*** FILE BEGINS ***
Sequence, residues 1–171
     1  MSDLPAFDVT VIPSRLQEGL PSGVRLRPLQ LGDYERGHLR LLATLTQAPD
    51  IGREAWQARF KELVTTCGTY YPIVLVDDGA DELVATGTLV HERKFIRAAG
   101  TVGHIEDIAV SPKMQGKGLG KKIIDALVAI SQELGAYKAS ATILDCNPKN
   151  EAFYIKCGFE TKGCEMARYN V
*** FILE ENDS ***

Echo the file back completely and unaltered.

Sequence, residues 1–171
     1  MSDLPAFDVT VIPSRLQEGL PSGVRLRPLQ LGDYERGHLR LLATLTQAPD
    51  IGREAWQARF KELVTTCGTY YPIVLVDDGA DELVATGTLV HERKFIRAAG
   101  TVGHIEDIAV SPKMQGKGLG KKIIDALVAI SQELGAYKAS ATILDCNPKN
   151  EAFYIKCGFE TKGCEMARYN V